The said shielding element 18 extends peripherally around each roller 7 by an angle β which is equal to 270 angle comprised between 0 tangency point of the roller 7 with the bottom 205 in a direction opposite to the direction F of rotation of the roller 7, R being the radius of the needle-equipped roller.
The said shielding element 18, which covers also the heads of the roller 7, forms an adjustable capping element preveting the accumulation of agglomerates in the tangency zone between the rollers 7 and the perforated screen 205, with following extrusion of said agglomerates through the perforations of the screen.
The said shielding element prevents furthermore the distorsion of the air flow due to the quick rotation of the rollers 7, as shown diagrammatically in FIG. 7, which would entrain a non-homogeneous distribution of the fibers on the underlying formation web.
The operation of the described device will be evident. The rollers 7 are translated by the driving chains 15, 15'. During the motion of the rollers 7, the pinions 16 are brought into mesh with the rack bars 17, thus imparting to said rollers 7 a rotational movement about their shafts 207.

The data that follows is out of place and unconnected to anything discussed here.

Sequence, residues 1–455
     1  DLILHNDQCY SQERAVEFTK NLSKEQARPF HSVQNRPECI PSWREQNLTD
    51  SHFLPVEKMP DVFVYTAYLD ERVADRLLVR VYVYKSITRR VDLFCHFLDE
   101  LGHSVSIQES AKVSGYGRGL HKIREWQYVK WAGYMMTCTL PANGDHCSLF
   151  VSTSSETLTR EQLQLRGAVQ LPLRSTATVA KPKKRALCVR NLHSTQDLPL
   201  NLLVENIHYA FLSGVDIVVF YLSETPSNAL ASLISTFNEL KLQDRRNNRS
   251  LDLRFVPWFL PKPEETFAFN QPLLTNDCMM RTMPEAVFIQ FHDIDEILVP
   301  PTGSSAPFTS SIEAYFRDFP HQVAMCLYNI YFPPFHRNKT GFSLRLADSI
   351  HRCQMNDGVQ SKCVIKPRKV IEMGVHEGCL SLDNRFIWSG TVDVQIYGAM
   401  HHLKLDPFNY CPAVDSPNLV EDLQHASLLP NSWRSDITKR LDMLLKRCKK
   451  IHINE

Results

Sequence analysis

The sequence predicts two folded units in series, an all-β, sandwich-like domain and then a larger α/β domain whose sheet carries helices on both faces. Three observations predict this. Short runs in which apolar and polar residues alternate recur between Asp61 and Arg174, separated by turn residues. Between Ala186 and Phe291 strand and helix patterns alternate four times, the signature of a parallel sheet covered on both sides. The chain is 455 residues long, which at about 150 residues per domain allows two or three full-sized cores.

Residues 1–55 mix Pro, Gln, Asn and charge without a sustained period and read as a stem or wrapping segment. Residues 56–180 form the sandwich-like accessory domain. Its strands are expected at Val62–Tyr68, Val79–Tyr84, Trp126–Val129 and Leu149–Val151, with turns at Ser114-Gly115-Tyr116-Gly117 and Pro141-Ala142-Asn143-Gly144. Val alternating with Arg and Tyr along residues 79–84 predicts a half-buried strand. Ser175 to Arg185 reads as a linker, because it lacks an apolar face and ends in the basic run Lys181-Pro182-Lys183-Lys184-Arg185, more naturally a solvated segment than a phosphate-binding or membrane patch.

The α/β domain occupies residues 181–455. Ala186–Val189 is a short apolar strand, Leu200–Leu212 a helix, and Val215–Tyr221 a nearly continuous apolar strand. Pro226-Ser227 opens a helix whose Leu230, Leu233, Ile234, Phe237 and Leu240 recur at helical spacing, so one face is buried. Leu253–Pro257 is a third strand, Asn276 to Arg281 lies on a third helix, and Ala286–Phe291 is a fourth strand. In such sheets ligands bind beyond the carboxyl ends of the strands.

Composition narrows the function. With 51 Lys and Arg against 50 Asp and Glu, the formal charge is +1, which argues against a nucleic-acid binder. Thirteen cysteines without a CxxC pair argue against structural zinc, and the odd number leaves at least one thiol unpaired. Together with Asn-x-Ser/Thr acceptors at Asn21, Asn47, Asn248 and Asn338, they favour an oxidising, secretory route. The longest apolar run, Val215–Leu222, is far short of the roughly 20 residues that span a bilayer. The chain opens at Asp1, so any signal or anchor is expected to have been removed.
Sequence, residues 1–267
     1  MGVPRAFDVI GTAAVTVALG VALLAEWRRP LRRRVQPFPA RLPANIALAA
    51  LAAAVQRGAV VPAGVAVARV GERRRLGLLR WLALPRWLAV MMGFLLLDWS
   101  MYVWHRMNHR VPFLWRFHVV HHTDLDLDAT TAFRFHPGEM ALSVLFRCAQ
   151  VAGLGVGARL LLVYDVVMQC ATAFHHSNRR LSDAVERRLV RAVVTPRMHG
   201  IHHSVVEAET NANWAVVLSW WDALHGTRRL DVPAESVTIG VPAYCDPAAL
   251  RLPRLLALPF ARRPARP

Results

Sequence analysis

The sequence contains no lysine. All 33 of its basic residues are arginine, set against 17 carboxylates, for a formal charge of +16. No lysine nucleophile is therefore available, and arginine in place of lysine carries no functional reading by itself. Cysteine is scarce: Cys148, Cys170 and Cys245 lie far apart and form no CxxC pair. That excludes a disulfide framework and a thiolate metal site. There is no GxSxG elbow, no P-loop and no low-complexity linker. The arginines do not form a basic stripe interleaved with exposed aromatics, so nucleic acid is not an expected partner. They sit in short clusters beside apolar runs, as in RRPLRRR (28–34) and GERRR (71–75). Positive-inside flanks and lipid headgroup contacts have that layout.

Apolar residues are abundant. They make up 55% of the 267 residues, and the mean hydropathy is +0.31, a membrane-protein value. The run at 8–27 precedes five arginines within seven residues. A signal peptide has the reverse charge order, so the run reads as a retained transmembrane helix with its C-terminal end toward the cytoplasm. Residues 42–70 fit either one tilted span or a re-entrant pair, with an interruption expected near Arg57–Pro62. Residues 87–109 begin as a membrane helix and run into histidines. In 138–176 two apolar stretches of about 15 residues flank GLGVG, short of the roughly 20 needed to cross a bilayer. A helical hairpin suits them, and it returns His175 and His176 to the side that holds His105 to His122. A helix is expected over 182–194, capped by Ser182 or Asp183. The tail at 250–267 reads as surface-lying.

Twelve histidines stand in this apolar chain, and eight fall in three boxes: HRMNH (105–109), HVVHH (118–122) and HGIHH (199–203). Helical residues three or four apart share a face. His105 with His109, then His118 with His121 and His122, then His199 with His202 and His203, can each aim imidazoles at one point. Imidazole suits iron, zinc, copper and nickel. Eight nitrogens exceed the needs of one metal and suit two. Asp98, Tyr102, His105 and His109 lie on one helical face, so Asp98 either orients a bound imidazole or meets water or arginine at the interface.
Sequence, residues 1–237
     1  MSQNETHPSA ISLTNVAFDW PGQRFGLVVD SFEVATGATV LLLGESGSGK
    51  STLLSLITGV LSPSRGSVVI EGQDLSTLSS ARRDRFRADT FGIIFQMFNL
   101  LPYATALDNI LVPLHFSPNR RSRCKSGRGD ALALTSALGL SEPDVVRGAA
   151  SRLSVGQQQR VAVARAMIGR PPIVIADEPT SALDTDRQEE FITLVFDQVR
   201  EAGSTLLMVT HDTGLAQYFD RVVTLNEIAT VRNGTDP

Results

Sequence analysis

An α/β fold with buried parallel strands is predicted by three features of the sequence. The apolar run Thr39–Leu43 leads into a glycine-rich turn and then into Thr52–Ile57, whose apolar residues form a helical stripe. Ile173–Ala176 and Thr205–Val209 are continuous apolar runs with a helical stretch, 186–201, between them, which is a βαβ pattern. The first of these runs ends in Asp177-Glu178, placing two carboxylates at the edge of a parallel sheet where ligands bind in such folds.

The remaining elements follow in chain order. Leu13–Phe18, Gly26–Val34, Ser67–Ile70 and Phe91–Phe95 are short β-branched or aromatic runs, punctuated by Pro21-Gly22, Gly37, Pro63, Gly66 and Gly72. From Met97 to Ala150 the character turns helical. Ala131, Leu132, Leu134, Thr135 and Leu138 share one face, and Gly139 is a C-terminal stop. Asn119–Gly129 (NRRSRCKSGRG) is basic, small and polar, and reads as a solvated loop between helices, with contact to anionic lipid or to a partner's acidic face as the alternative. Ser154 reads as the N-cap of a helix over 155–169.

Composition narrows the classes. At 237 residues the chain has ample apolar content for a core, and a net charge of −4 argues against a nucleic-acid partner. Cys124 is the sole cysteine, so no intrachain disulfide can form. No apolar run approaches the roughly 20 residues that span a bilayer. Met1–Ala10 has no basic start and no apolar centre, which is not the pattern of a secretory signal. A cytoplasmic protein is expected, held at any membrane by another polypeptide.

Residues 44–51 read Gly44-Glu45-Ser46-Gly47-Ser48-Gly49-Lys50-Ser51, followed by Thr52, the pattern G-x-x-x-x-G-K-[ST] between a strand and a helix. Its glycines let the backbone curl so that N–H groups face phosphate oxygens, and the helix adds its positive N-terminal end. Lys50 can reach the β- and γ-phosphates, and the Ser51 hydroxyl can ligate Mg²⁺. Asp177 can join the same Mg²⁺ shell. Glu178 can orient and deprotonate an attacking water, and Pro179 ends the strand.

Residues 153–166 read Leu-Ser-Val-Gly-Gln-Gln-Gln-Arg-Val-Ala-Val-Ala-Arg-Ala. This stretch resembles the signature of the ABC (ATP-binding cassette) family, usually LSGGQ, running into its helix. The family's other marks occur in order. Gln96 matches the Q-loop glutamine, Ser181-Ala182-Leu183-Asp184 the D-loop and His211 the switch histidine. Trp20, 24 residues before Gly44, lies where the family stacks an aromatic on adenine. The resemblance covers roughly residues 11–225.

In FIG. 9 a still further embodiment of the invention is shown, according to which the rack bars have been substituted by the toothed belts 19, which are driven by the wheels 20, 20', the wheel 20 being driven by a suitable motor (not shown).
Of course, the endless belts 19 may also be formed by trapezoidal belts, in which instance the pinions 16 will be substituted by pulleys.
Of course, the present invention is not limited to the embodiments shown and described, which are intended to be only non limiting examples, and it is to be understood that changes may be made to the described embodiments without departing from the spirit of the invention, as claimed in the appended claims.